Discovering treatments for Duchenne muscular dystrophy has been difficult because the disease is a result of a wide variety of mutations in one of the human body’s longest genes. Sarepta Therapeutics has been working on targeting a series of Duchenne mutations using a single strategy – a type of drug called an exon-skipping therapy. The FDA has approved two of these drugs, eteplirsen and golodirsen in the past five years.1 

Now, the FDA has approved Sarepta’s third exon-skipping drug, casimersen, despite criticism that the drug’s therapeutic benefit for patients is uncertain. The three drugs have also caused controversy because of their high price tags.1

What is Duchenne Muscular Dystrophy?

Duchenne muscular dystrophy (DMD) is a devastating muscle-wasting disease. Progressive muscle weakness eventually robs patients’ ability to walk, usually by the early teen years, followed by eventual failure of all voluntary muscles. Damage to the respiratory muscles and/or the heart most commonly leads to death in the third decade, though some patients live longer.2 

The disease results from one of a range of mutations in the gene for dystrophin, a key protein in the function and survival of muscle fibers. Lack of functional dystrophin damages muscle fibers and gradually causes their replacement with connective tissue and fat. 

The disorder mainly affects boys because DMD is an X-linked recessive disease.3 Closely related is Becker muscular dystrophy, which is caused by milder mutations in the dystrophin gene.2

Damage to muscle fibers seen in Duchenne muscular dystrophy.

Treatment for DMD

Treatment includes physical therapy and exercise to strengthen muscles; the use of braces and mechanical aids; and the use of beta-2 agonists, which have a short-term effect on muscle function. Corticosteroids are an important part of treatment and are considered to slow disease progression by several years.4 Patients need respiratory assistance in the later stages of the disease, and some patients need a pacemaker as well. 

A drug called ataluren has been approved in the EU and Brazil as a targeted treatment for DMD, but the US FDA declined to approve it due to controversy over whether it offers a clinical benefit. Further studies are ongoing.5

Four antisense drugs (DNA-like drugs that bind to mRNA and alter protein production) have been approved by FDA for different forms of DMD. All four are exon-skipping therapies.

DMD Exon Skipping Therapy

The gene mutations behind DMD lead to the production of a dysfunctional dystrophin protein that cannot fulfill its normal function.2 The concept behind exon-skipping therapy is that a faulty section of the gene can be skipped over, and thus left out of the final protein, but the remainder of the protein will be produced normally. This is thought to result in a shortened, but still partially functional version of the protein.1,6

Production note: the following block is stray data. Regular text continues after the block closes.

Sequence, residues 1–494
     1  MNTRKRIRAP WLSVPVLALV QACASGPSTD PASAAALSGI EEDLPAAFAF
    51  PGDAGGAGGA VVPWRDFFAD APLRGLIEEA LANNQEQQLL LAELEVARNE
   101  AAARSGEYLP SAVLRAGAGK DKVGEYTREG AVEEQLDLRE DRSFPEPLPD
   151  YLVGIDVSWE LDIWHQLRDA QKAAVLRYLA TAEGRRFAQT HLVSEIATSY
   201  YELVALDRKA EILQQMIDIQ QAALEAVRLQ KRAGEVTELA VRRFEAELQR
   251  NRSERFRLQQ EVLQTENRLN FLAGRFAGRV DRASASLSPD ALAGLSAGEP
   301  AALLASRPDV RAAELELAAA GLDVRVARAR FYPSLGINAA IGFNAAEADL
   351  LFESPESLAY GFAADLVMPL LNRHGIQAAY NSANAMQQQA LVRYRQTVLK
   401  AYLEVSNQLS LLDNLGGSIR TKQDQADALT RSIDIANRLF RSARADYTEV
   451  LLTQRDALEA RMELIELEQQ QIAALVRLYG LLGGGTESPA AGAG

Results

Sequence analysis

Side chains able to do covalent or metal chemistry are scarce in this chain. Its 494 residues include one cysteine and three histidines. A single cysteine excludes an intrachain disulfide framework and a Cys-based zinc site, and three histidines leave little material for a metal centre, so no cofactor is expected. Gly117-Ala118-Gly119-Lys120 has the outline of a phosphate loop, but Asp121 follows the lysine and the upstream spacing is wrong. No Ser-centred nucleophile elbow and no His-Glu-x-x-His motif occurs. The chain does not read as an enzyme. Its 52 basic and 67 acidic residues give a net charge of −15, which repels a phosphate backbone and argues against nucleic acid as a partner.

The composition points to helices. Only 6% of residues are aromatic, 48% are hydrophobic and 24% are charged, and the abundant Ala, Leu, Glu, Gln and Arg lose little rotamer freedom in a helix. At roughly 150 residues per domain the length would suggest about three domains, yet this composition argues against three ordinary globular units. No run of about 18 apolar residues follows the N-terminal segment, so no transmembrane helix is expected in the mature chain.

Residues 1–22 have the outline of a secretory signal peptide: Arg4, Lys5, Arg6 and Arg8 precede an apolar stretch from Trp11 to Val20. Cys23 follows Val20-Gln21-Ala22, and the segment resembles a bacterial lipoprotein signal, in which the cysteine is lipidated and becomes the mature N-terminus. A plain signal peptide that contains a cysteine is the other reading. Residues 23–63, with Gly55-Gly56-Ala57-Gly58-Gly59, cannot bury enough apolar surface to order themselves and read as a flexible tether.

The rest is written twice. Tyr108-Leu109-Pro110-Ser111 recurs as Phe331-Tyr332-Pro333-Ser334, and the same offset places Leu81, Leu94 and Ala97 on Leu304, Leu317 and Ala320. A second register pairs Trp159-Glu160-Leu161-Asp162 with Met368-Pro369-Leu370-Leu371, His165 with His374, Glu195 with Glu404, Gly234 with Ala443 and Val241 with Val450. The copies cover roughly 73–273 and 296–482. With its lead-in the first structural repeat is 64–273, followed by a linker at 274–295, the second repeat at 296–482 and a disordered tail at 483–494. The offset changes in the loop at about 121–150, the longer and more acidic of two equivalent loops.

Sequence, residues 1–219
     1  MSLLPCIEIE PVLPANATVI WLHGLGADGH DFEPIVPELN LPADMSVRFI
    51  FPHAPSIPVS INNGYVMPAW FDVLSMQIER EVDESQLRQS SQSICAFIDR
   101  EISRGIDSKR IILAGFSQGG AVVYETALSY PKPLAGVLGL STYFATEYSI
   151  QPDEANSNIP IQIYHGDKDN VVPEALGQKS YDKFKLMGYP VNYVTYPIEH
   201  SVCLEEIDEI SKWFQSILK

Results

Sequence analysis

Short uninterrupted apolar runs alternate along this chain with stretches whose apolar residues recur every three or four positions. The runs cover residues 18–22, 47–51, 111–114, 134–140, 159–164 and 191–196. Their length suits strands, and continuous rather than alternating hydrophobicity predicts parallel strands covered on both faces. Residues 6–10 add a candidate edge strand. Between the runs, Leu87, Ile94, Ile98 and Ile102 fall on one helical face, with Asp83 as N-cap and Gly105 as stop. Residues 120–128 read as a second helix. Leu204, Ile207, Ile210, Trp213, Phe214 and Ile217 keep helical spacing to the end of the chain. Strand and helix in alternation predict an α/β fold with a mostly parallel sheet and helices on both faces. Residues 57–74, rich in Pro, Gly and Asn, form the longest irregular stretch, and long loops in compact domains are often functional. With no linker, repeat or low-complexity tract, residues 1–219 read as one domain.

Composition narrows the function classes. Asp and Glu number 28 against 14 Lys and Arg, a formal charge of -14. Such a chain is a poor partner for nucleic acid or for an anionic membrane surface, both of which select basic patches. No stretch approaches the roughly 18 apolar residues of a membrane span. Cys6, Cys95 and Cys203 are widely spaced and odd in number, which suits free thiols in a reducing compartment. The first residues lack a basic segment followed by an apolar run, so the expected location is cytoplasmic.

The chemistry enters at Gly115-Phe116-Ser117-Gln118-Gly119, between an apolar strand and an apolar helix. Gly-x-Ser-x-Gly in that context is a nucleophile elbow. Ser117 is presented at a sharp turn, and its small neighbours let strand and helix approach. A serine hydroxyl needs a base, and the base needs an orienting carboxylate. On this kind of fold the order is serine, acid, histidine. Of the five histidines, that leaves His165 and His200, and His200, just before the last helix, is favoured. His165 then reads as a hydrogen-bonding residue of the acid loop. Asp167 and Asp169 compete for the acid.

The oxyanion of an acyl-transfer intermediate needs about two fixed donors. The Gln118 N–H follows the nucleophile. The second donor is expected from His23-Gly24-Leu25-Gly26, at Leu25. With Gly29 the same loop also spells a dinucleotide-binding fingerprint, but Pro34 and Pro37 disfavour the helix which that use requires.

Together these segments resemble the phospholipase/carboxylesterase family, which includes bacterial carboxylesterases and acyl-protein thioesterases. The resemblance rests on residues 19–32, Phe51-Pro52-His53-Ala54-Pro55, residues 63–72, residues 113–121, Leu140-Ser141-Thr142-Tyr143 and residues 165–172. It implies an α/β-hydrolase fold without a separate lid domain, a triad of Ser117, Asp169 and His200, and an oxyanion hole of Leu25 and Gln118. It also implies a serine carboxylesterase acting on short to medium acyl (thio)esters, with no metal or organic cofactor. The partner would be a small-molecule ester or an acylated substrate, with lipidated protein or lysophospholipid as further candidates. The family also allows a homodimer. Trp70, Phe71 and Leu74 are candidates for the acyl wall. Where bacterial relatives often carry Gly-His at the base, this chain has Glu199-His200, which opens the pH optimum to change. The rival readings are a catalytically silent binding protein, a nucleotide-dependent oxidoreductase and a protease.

Dystrophin is a very large protein that helps anchor the cytoskeleton of muscle cells to the extracellular matrix and also has roles in cell signaling. The protein is crucial for muscle fiber function and survival.3

In 2016, Sarepta Therapeutics’ antisense drug eteplirsen became the first exon-skipping therapy approved by the FDA. Marketed as Exondys 51, it is designed for patients with mutations in dystrophin exon 51, and a clinical trial showed the drug leads to the production of a shortened form of dystrophin in patients’ muscles.1,6 

Next, the FDA approved Vyondys 53 (golodirsen) in 2019, despite the agency’s rejection of the same therapy just a few months earlier. At the time of the rejection, the FDA cited an infection risk and a kidney toxicity issue seen in animal studies.6 The FDA approved the antisense drug Viltepso (viltolarsen), made by NS Pharma, for use in patients with the same group of mutations, in August 2020.7

The latest FDA approval, on February 25, 2021, is for Amondys 45 (casimersen), an exon 45 skipping antisense drug. The ESSENCE trial of casimersen showed that patients could produce a small amount of the truncated protein after treatment, meeting the trial’s primary biological endpoint.

However, the trial failed to show a statistically significant improvement in functional motor abilities in treated patients. The trial was also small; a total of 43 patients in the trial were randomized 2:1 to receive casimersen or placebo.1,8

All three of Sarepta’s therapies have been controversial. The European Medicines Agency (EMA) has declined to approve eteplirsen, citing weak efficacy data and the small size of the clinical trial. 

Meanwhile, the drugs’ very high price has caused concern, especially in light of the uncertain clinical benefit. The FDA is requiring Sarepta to conduct confirmatory trials to provide further evidence of efficacy for all three products. Results from the confirmatory trial for casimersen are expected in 2024.8